I used a scouring pad to scrub off the black layer. It washed up pretty easily.

Step 14: Final Pictures

Here is a comparison of the two pieces after the test.

Step 15: Electrode

Notice the rust buildup on the surface.

Step 16: Work Piece

It came out of test with a black layer. I scrubbed it under running water and this is the final result. The test worked as expected.

Step 17: Paint

I have no need for a railroad spike but I spent the time “de-rusting” it so I gave it a quick coat of black paint and then gave it to my daughter to paint.

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Please be positive and constructive.




Could you harvest the red rust to use in a thermite reaction?

I think it would work. Theres one thing that I think would be important in order for it to work ; you would need do dehydrate the rust. Just let it dry out in the sun, then pulverize it, then heat it up for a while on a stove (to vaporise the remaining water molecules). In fact i may try this myself, since you just made me realize that electrolysis could be a pretty good source of iron oxide for use in thermite...

Red rust it chemically fe3o3. Black rust is fe3o4. You need that extra oxygen to get the thermite to really get going. I've done it with the red stuff but it's not quite the same. If you add it to boiling water you can convert it to fe3o4. Or just buy it.

I think you have a typo there, its Fe2O3.

Oops. Nice catch. Those damn number 2's just scamper away sometimes.

Why are you talking about "Thermite"?

Because the person that I replied to was asking about thermite.

You may wish to reverse the electrolysis cell, and use a different electrolyte, and use a ferritic electrode you don't mind rusting away to nothing. Just saying.

A couple points: you want your work piece suspended free in the solution; if its laying against the sides or bottom this will leave those spots unaffected by the rust removal. If your work piece is a complicated shape, you may need to rotate it in the solution once or twice during the process to get maximal rust removal.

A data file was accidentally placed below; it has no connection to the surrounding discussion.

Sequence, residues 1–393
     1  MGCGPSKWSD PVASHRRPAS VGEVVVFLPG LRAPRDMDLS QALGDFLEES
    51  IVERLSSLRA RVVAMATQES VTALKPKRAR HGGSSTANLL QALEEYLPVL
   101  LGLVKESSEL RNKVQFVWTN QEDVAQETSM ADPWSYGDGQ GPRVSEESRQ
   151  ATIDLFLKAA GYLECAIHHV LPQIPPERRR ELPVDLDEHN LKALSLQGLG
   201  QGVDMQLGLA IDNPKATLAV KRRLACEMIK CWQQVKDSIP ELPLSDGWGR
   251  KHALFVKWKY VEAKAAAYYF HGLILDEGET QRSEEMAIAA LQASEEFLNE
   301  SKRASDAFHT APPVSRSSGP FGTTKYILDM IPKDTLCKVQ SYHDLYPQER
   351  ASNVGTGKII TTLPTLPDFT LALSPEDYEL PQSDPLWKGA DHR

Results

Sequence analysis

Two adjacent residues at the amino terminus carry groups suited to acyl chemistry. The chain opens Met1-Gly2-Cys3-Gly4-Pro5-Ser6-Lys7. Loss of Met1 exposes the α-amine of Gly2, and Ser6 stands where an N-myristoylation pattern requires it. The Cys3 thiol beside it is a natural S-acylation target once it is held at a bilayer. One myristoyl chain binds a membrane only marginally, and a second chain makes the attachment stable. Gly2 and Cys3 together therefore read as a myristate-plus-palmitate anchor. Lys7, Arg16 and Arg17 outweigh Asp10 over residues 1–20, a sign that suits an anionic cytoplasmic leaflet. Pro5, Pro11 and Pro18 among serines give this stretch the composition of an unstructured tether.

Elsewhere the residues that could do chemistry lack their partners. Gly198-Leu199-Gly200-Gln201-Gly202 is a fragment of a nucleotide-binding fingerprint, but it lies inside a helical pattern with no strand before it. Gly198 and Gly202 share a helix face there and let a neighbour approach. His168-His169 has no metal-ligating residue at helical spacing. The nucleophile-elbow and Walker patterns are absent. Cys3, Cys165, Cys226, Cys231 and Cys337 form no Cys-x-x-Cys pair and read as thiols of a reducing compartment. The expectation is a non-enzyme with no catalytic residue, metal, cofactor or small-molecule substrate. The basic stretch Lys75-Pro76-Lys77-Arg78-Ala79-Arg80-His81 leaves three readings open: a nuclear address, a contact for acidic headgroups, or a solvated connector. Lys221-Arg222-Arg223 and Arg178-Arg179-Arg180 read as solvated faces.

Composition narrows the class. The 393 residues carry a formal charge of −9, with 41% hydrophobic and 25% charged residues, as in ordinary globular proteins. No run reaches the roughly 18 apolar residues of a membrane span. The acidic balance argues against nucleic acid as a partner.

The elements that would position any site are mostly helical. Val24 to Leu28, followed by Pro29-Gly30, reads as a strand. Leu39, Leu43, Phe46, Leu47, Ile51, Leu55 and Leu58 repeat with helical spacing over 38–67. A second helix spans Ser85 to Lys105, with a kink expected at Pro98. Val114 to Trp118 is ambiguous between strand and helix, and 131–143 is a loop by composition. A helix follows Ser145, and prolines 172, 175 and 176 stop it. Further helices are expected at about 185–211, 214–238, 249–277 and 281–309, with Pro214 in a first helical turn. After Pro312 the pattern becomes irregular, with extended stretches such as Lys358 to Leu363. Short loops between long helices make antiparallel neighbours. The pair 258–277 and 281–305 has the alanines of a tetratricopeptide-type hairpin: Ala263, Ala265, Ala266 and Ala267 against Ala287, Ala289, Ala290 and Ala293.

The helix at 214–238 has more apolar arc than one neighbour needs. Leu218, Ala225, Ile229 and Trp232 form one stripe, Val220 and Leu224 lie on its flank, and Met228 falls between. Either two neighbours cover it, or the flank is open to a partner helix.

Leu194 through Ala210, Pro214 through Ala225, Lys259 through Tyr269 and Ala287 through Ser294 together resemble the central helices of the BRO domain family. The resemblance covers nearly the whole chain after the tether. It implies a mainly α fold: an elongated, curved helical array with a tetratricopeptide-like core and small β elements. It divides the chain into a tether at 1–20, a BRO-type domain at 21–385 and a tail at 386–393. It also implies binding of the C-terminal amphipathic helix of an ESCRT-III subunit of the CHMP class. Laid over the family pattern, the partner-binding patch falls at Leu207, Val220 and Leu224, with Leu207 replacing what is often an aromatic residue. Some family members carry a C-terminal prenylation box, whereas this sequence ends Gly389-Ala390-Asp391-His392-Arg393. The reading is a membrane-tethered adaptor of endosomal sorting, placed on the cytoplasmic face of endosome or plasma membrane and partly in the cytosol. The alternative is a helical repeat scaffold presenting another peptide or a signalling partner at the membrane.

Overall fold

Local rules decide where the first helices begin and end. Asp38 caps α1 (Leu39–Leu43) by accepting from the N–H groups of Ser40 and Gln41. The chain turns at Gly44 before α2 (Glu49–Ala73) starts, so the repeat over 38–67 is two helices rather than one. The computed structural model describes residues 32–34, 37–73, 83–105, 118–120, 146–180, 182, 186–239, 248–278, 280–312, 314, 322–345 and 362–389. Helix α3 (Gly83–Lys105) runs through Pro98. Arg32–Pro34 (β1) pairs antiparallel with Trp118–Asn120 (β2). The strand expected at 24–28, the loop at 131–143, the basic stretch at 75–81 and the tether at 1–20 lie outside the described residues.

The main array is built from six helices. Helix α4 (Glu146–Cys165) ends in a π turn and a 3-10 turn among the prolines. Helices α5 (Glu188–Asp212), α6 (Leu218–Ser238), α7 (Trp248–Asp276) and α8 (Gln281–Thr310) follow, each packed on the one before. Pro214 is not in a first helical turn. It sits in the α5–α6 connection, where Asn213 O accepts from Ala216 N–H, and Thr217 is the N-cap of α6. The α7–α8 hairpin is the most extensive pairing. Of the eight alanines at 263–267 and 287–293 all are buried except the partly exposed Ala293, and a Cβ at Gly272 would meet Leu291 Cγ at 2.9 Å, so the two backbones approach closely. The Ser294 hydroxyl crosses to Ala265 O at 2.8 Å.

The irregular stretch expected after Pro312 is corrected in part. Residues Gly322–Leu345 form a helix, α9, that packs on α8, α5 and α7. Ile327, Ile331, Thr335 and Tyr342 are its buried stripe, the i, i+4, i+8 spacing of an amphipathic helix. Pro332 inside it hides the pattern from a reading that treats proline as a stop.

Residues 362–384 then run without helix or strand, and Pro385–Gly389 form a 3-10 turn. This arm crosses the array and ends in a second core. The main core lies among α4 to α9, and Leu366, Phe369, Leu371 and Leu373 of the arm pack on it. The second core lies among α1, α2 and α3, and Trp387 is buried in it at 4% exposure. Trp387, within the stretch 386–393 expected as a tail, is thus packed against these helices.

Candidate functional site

Do not use stainless steel for your anode; there are toxic compounds that can be released- use plain steel by preference.

The gas that is released during the electrolysis is HYDROGEN. This is EXPLOSIVE; do not do this in any enclosed space.

The closer your work piece (the cathode) is to the anode (the sacrificial piece), the quicker the rust will be removed , but if they touch, you may ruin your battery charger.

A 10 amp or larger charger is best for this process; smaller amperages still work, but take much longer.

. The more surface area is exposed on the anode, the quicker the process will work, i.e. several pieces of rebar wired together will work faster than one big chunk. An optimal configuration would be small pieces of rebar or something similar wired together all around the perimeter of your solution vessel, with the workpiece suspended in the center.

Hydrogen gas has an explosive range of 4% to 75% by volume of the air in the room, collectively known as "Lower Explosive or Flammable Limit" (LEL/LFL), and "Upper Explosive or Flammable Limit" (UEL/UFL). There has to be enough hydrogen to burn, thus the lower limit, but there also has to be enough oxygen, thus the upper limit. Below 4% there is not enough hydrogen, above 75% there is not enough oxygen.

By the way, the same is true for all flammable gases and liquids. In the case of liquids, there is a minimum temperature which the liquid must attain to produce enough flammable vapor to burn. It is called the "Flash Point" (not the TV series). It is the vapor produced by the liquid that burns, not the liquid itself. Liquids with flash points below 100 degrees Fahrenheit are designated flammable.